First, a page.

People who make their living from the film industry are nervously waiting to see whether the N.C. Legislature will extend tax incentives that helped revive the industry in North Carolina.

If, as a preliminary study by N.C. State University indicates, state and local governments take in $1.50 for every incentive dollar spent, lawmakers would be foolish not to continue to offer some type of enticement.

The film industry is a different breed, and some of its benefits are difficult to pin down. The full study, which was commissioned by and for the state’s film industry, could paint a fuller picture of the impact of film incentives on the state’s economy and tax revenues.

What is clear is that the state has seen a resurgence in film and television productions since the General Assembly increased incentives to 25 percent.

Much of the debate over incentives involves questions of whether they pay for themselves or merely fatten the bank accounts of Hollywood producers who shop their productions to find the state willing to make the largest financial offering. It is a question that deserves a comprehensive answer.

There are conflicting conclusions. Just last year, the N.C. Commerce Department did a study that said the state lost $62 million in tax revenue and which questioned the extent of some of the ancillary benefits, such as tourism. But most studies to date have not had a good handle on the impact beyond direct spending and direct tax revenue, nor have they helped answer another pressing question: whether North Carolina is just the film industry’s latest favorite, soon to be replaced by another state that offers greater incentives, or if it is a permanent fixture.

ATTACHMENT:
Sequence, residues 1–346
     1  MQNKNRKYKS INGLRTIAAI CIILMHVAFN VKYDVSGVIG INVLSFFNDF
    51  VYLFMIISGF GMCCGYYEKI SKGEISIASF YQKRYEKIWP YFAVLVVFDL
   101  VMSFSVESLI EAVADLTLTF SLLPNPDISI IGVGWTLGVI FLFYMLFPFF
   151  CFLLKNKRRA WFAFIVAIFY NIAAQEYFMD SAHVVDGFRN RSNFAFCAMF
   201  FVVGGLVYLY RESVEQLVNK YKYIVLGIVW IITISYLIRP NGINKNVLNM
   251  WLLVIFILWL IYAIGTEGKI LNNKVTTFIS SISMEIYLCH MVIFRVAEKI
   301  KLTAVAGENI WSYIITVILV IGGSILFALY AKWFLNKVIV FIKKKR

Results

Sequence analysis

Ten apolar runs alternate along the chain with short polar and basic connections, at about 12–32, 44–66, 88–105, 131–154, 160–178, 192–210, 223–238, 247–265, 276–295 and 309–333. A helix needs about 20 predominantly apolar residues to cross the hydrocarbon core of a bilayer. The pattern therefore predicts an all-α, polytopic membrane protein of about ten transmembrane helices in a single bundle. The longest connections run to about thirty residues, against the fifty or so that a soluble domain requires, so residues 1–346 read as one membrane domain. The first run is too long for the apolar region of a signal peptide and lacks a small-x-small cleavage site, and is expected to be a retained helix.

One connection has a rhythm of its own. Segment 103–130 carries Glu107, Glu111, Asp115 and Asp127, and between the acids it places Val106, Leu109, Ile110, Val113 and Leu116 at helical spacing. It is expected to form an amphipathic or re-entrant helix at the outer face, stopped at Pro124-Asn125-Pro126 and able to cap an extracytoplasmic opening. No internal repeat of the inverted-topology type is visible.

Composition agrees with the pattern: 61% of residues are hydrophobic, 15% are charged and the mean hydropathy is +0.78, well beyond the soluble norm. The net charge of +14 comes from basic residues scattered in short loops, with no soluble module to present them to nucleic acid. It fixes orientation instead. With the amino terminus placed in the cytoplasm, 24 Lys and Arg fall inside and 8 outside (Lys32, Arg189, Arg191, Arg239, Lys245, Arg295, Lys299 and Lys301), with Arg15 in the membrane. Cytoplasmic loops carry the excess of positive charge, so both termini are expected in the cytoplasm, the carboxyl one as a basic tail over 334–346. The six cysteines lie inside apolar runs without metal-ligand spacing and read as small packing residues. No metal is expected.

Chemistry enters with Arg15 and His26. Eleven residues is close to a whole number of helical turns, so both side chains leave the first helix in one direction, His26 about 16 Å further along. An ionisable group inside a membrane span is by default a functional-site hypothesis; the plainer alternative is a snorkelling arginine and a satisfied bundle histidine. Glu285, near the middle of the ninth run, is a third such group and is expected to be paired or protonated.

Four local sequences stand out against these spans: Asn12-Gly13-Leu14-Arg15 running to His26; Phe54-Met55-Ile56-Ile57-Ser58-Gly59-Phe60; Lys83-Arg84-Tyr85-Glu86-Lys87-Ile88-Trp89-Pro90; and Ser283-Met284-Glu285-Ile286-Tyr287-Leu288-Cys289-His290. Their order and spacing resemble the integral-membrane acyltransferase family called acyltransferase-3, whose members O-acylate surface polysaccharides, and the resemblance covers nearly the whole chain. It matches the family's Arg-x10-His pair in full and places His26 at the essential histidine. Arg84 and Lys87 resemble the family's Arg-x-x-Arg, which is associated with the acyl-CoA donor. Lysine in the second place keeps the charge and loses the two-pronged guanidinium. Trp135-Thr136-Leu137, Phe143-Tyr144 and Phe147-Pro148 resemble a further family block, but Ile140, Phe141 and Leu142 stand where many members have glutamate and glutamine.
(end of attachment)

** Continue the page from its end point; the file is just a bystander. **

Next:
“Firestarter,” the 1984 movie based on Stephen King’s novel, was made in Wilmington. From that production grew an entire industry, including a working film studio in Wilmington, a permanent crew base in the area and film-related programs at the University of North Carolina Wilmington and Cape Fear Community College.

In addition, productions such as the recent blockbuster “Iron Man 3,” Southeastern North Carolina has been the location for several TV series that keep a cast and crew busy for six to nine months a year. State and local film office officials see those productions as a key in keeping North Carolina’s film industry thriving.

When productions spend money, those dollars circulate in the economy; the N.C. State study should be able to demonstrate that indirect financial impact.

As fiscal belts tighten and needs grow, some states have eliminated the film incentive. But as long as our chief competitors embrace incentives, North Carolina will need to use every tool in its arsenal to get and keep film jobs.

A version of this editorial first appeared in the Wilmington Star-News, a Halifax Media Group newspaper.